Let be a closed Riemann surface of genus and let be a set of simple pairwise disjoint loops on . Then there exists a standard uniformization of , unique up to conformal equivalence, such that every quotient subgroup is either Fuchsian or elementary and such that the covering is constructed from the smallest normal subgroup of spanned by the loops .

The theory of quasi-conformal mapping and Teichmüller spaces (cf. Teichmüller space) allows one to prove the possibility of simultaneous uniformization of several Riemann surfaces by a single Kleinian group, as well as that of all Riemann surfaces of a given type (cf. [7]).


[1] F. Klein, "Neue Beiträge zur Riemannschen Funktionentheorie" Math. Ann. , 21 (1883) pp. 141–218
[2] H. Poincaré, "Sur l'uniformisation des fonctions analytiques" Acta Math. , 31 (1907) pp. 1–64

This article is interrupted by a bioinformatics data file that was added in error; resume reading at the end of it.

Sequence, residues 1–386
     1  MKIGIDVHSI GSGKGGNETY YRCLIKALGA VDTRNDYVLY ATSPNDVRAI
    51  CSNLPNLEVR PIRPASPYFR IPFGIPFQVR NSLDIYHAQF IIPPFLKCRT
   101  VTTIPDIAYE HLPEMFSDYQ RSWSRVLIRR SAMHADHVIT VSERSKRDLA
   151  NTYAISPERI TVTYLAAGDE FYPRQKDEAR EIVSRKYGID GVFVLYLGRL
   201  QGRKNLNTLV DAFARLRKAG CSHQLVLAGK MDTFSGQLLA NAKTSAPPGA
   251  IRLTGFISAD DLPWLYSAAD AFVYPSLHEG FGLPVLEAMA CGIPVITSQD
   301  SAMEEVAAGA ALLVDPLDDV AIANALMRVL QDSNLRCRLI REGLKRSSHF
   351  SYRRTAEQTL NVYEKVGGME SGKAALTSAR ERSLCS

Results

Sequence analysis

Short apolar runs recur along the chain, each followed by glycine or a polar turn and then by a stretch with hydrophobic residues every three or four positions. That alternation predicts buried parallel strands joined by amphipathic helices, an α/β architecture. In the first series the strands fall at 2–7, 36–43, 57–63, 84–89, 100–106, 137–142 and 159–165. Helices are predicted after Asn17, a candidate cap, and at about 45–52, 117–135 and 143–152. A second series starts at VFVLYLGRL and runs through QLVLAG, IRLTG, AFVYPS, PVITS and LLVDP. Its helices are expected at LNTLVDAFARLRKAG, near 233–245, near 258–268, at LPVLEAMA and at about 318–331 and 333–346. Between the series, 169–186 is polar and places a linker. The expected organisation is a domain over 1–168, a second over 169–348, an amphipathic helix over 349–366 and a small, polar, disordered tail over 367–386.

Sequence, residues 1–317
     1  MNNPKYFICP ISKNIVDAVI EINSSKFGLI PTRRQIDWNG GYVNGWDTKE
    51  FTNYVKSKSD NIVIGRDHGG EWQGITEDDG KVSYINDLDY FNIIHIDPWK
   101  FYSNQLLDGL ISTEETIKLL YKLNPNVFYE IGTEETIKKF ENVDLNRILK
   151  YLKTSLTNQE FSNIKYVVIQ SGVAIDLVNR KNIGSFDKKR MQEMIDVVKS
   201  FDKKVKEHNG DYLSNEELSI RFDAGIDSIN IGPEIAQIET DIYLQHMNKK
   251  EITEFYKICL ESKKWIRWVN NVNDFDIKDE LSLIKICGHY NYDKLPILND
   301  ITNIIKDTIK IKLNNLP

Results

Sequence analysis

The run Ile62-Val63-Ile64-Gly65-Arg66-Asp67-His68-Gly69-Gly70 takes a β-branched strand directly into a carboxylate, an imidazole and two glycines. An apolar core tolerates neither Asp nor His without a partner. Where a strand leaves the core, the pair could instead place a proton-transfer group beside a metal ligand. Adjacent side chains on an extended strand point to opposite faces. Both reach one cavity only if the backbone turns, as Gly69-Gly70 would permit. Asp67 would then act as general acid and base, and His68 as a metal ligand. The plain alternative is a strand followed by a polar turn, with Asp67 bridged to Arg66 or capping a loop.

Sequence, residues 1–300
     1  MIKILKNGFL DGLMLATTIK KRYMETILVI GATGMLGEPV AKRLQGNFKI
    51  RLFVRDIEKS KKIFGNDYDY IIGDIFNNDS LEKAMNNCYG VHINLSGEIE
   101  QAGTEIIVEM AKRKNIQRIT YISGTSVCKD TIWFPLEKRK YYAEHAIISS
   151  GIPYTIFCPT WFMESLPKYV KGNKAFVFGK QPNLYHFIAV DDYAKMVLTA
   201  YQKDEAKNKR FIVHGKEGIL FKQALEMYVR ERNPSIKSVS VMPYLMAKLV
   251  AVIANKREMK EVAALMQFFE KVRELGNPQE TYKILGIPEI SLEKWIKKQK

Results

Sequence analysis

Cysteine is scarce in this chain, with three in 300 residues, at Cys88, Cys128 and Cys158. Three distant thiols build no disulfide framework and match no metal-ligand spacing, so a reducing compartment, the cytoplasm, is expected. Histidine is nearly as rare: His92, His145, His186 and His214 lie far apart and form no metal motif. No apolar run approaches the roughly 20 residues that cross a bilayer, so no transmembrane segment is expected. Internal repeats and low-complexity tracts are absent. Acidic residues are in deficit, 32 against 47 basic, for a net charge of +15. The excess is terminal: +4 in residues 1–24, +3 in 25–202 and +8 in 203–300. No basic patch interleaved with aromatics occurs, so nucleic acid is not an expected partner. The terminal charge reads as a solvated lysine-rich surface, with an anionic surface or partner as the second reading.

[3a] P. Koebe, "Ueber die Uniformisierung beliebiger analytischer Kurven" Nachr. K. Ges. Wissenschaft. Göttinger Math. Phys. Kl. (1907) pp. 191–210
[3b] P. Koebe, "Ueber die Uniformisierung beliebiger analytischer Kurven II" Nachr. K. Ges. Wissenschaft. Göttinger Math. Phys. Kl. (1907) pp. 177–198
[3c] P. Koebe, "Ueber die Uniformisierung beliebiger analytischer Kurven III" Nachr. K. Ges. Wissenschaft. Göttinger Math. Phys. Kl. (1908) pp. 337–358
[3d] P. Koebe, "Ueber die Uniformisierung beliebiger analytischer Kurven IV" Nachr. K. Ges. Wissenschaft. Göttinger Math. Phys. Kl. (1909) pp. 324–361
[4] B. Maskit, "A theorem on planar covering surfaces with applications to 3-manifolds" Ann. of Math. , 81 : 2 (1965) pp. 341–355